5 Disturbed Component Makers: Compelling Buys, Or Value Traps? – Intel Corporation (INTC)

The gross margin for the past quarter decreased to 39% from 46% in the fourth quarter of 2011, when the company still had operating profit of $138 million, or 19 cents per share, out of $1.69 billion sales. First quarter revenue is forecasted to be in the range of $1.02 billion to $1.09 billion, a 6% to 12% decline from the previous quarter, according to
Bloomberg. AMD has struggled as sales of PC processors continued to decline, bringing its cash reserves and equivalents down to $549 million from $776 million.

In order to preserve cash by reducing expenses, AMD reduced orders from its supplier Globalfoundries last month, maintaining reserves including cash equivalents plus marketable securities at $1.2 billion by the end of 2012. Newly appointed CFO Devinder Kumar predicts that the company would be back to generating cash from operations by the second half of this year.

After serving the company for almost four decades,

Intel’s president and CEO Paul Otellini said he would resign as of May 2013. For the last eight years Mr. Otellini was Intel’s CEO.

Intel recovered from a 42% drop in earnings in 2006 Under Otellini’s leadership. Since 2010 Otellini achieved record sales and profit for Intel, largely by taking market share from AMD.

Otellini could have remained Intel’s CEO until May 2016 when he would have hit the firm’s mandatory retirement age. His decision to retire could have been based on market-surprising problems that either he or the board did not want him to manage, though it is also possible that he simply just wants to retire.

Supplying Apple Isn’t Easy

Apple is weighing replacing Intel processors in its Mac computers with the kinds of chips that it uses in its iPad and iPhone devices. This could make it easier for engineers to develop similar features for iPhones, iPads, and Macs. In the past several years, Apple has integrated ARM Holdings technology into its iPhone and iPad. ARM licenses chip designs and technology to various phone chip companies.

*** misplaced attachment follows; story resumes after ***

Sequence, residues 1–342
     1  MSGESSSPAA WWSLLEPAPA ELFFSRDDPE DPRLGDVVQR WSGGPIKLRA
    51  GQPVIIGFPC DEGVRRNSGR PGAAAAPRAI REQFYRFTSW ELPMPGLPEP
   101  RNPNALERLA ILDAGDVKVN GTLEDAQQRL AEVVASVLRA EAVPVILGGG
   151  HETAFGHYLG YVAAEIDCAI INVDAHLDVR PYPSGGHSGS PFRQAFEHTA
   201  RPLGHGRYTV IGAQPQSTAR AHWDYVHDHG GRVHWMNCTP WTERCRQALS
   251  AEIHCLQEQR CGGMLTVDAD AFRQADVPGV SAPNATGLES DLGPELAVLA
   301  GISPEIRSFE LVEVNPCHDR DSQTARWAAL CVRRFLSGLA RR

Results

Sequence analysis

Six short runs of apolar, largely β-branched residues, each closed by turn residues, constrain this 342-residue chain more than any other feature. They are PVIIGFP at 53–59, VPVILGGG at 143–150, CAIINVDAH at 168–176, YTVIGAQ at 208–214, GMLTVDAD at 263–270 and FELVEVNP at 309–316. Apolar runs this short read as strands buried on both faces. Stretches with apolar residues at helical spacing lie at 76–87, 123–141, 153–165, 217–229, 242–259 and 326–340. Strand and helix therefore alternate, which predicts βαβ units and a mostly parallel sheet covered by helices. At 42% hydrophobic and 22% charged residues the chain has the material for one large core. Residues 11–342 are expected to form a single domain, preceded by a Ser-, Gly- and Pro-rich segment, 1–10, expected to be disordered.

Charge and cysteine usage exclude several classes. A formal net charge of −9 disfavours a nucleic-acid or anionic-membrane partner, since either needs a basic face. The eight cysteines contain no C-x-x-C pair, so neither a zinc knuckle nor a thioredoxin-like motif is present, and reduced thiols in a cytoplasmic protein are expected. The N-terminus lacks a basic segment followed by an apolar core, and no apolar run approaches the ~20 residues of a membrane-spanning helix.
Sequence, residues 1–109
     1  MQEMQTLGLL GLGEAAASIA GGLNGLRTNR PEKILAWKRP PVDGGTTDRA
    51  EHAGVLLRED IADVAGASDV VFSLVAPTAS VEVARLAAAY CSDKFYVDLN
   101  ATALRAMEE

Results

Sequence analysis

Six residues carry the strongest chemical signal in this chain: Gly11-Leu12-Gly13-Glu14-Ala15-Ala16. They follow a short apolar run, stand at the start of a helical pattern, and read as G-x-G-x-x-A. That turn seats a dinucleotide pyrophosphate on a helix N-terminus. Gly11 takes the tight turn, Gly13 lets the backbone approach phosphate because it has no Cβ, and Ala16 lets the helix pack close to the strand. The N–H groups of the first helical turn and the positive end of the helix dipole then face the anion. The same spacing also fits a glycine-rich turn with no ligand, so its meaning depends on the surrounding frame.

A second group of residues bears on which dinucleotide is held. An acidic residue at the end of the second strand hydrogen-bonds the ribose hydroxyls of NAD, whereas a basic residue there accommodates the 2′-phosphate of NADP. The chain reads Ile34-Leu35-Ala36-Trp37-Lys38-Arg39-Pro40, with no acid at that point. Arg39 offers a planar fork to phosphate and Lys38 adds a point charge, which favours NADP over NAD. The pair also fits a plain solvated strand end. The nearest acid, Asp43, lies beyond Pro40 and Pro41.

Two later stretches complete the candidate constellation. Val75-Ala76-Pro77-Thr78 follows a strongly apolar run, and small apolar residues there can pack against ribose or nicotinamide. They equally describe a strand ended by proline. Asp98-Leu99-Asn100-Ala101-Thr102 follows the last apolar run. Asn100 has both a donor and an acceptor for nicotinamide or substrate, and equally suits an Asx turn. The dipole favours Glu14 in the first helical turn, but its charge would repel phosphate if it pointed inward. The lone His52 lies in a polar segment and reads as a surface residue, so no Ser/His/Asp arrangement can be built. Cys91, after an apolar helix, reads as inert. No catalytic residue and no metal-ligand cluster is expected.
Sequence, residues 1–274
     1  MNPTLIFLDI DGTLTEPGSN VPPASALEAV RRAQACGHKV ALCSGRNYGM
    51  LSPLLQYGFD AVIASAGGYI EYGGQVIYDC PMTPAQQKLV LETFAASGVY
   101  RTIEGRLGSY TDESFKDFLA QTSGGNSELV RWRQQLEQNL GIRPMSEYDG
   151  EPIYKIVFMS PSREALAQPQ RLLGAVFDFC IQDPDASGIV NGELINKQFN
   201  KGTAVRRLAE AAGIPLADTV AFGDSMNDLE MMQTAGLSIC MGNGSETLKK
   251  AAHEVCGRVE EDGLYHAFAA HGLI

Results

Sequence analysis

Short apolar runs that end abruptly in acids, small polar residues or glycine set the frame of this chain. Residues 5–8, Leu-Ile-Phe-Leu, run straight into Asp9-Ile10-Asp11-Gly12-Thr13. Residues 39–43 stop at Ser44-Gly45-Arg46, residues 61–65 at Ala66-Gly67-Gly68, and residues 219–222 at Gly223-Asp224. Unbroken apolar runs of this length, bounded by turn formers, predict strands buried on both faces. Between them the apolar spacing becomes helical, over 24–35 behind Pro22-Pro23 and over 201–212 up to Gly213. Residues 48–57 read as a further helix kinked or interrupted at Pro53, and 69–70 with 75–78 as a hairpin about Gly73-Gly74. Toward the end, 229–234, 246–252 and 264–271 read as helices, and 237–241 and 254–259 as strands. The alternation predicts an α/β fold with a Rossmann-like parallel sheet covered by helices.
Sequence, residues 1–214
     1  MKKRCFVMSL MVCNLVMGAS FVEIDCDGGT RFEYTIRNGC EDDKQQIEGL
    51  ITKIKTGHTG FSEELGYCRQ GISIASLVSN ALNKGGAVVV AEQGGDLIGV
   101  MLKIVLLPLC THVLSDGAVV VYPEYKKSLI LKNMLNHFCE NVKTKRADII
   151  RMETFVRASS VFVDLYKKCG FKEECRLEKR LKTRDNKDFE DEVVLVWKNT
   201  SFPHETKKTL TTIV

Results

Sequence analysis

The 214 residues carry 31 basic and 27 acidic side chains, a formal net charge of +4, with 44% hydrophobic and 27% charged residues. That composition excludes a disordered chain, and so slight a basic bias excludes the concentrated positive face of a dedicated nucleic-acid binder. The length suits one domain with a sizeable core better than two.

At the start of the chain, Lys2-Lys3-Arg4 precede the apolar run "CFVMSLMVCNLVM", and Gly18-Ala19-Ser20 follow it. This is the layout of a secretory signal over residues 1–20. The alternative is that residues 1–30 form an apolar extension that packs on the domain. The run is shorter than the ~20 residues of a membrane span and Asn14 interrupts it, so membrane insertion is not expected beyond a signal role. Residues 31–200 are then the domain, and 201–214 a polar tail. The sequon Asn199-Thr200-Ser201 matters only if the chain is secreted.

Jabil is an Apple component supplier. iPhone 5 supply constraints might delay payback from Jabil’s investment in facilities that help the manufacturer make components which could readily meet the high standards Apple demands for every component. This does a number on a supplier’s margins. Apple’s tough requirements for high quality iPhone 5 casings may be increasing costs.

Intel, Apple, and Jabil are buy candidates for long-term investors. Jabil and Apple shareholders could benefit from it sales growth from mobile device growth. Intel’s future is less clear, though it is trading at low enough valuations to make it an interesting buy candidate. Investors should avoid Texas Instruments and AMD at this time.

The article 5 Disturbed Component Makers: Compelling Buys, Or Value Traps? originally appeared on Fool.com and is written by Bill Edson.

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